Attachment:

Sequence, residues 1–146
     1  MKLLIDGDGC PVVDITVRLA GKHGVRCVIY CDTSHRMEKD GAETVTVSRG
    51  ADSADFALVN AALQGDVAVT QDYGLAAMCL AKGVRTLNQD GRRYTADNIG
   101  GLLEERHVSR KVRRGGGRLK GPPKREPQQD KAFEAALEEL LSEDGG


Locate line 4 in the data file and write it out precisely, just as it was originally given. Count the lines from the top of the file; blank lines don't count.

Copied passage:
   101  GLLEERHVSR KVRRGGGRLK GPPKREPQQD KAFEAALEEL LSEDGG